2. Theoretical background
The general geometry of the studied gratings is shown in the left plot in Fig. 1. They consist of a flat metallic layer as well as corrugated and flat dielectric layers. The upper and lower interfaces are assumed to be set by
The structure shown in the left plot in Fig. 1 is similar to the ones that are referred to as U structures, if the Upper (front-side) interface is corrugated. Correspondingly, a structure with the corrugated Lower (back-side) interface is referred to as an L structure. If B=0 and D≠0, we obtain an L structure. In turn, U structures correspond to B≠0 and D=0. ε U and ε L stand for the permittivity of the upper and lower dielectric layers, respectively. The permittivity of the metallic layer (a<y<b) varies with the angular frequency ω according to the Drude model:
where ωp and γ mean the plasma and collision frequencies. It is assumed that A+B≤1, C−D≥0, C+D≤a, A−B≥b, so that for the maximal thickness of the grating, h, we have h=A+B−(C−D). Consideration is restricted to the case of s-polarization. The incident wave is given by Eiz(x, y)=E 0exp(iα 0 x−iβ 0 y), where α 0=k sin θ, β 0=k cos θ, k=ω/c, and θ is the angle of incidence. The diffraction efficiencies are given by
where W is the energy of the incident wave, τn and ρn are the nth-order transmission and reflection coefficients, βn=[k 2−α 2 n]1/2, αn=α 0+2πM/L and the asterisk means complex conjugate. W=R+T+A where R, T, and A are reflectance, transmittance, and absorptance, respectively. It is expected that the order selectivity can be realized due to the effect of the metallic layer, while the dielectric layers should provide a high index contrast at the interfaces. Hence, the contribution of tn and rn to T and R can be enhanced or weakened due to the proper choice of ε U and ε L. The nth-order beam propagates in air at k>|α 0+2πnM/kL|. The angles of diffraction ϕn depend on θ according to the equation ϕn=sinθ+2πM/kL.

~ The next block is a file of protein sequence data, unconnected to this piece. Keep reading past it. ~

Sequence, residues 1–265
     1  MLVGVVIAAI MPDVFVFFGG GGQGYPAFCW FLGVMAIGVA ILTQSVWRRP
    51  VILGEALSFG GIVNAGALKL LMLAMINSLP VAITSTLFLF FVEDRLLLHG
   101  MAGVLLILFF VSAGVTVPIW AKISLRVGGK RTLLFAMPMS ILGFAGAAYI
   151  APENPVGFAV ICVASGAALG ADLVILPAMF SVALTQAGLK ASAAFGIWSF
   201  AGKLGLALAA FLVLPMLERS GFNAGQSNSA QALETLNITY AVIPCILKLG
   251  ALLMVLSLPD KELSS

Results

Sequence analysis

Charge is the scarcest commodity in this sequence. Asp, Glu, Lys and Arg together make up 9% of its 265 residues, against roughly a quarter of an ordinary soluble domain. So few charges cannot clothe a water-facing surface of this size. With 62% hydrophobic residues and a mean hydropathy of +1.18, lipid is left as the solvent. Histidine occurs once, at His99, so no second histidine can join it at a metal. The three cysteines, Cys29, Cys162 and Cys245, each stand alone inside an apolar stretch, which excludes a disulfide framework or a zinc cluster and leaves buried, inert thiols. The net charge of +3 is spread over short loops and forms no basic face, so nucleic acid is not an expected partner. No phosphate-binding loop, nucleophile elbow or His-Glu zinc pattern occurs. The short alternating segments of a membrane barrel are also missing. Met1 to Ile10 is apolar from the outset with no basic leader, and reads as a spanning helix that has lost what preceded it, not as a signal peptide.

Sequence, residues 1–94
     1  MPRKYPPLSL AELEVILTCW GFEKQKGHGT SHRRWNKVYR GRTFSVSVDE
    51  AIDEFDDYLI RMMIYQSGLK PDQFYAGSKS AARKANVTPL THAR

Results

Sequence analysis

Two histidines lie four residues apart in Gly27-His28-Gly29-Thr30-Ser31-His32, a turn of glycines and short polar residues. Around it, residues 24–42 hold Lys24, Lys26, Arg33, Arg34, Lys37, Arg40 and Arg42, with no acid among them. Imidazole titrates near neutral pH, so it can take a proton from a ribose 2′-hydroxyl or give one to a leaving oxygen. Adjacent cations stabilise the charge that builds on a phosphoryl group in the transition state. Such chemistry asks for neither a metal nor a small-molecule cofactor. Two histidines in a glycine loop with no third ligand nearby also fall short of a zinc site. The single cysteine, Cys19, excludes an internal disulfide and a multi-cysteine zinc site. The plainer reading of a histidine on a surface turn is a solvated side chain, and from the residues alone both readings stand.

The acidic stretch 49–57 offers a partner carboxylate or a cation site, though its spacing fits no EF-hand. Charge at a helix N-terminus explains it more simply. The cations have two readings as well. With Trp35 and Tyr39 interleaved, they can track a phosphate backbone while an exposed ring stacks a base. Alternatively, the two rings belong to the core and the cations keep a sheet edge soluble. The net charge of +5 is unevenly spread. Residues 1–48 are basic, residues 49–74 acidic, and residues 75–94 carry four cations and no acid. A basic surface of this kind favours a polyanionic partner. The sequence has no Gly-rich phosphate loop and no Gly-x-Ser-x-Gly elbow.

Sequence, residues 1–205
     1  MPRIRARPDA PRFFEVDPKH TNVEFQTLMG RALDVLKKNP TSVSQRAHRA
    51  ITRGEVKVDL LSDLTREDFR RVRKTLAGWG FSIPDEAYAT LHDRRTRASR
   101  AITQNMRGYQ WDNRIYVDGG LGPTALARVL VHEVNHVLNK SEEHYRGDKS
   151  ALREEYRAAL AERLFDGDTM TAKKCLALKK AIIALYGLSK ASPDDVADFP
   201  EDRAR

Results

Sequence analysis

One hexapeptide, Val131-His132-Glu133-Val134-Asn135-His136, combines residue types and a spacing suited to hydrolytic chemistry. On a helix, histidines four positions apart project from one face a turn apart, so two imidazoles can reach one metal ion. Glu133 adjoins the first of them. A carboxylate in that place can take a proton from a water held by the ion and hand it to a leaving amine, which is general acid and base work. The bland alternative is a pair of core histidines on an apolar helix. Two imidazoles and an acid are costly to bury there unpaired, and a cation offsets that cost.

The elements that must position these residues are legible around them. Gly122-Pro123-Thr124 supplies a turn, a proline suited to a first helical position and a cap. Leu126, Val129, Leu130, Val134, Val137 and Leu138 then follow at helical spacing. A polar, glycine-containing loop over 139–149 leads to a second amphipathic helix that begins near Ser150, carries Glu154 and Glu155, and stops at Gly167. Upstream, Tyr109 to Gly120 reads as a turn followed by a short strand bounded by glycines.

It can be shown that the nth order propagates in a collisionless Drude medium (γ=0) starting from a larger k than in air, i.e. k=κn>|α 0+2πnM/kL|, which can be found at M=1 from the following equation:
where χ=cosθ. At n=0, κ 0 L=ωp L/cχ. Correspondingly, the range of the variation of θ, in which the propagating nth order in air or dielectric is coupled to the propagating nth order in a Drude medium at fixed kL, is limited by ψn<θ<φn, where
for n>0, and
for n<0, provided that Ωn/kL<−1 in Eq. (4) and Θn/kL>1 in Eq. (5). In turn, Θn=−2πn+Λn and Ωn=−2πn−Λn, and . The features of the ω-domain thresholds, κn, and θ-domain boundaries of the nth-order propagation range, ψn and φn, can be visualized by using the conventional approach based on the isofrequency dispersion contours for the dielectric and metallic media and the construction lines, which take into account the periodic features of the interfaces and the orientation of the corrugated interface with respect to the incident wave.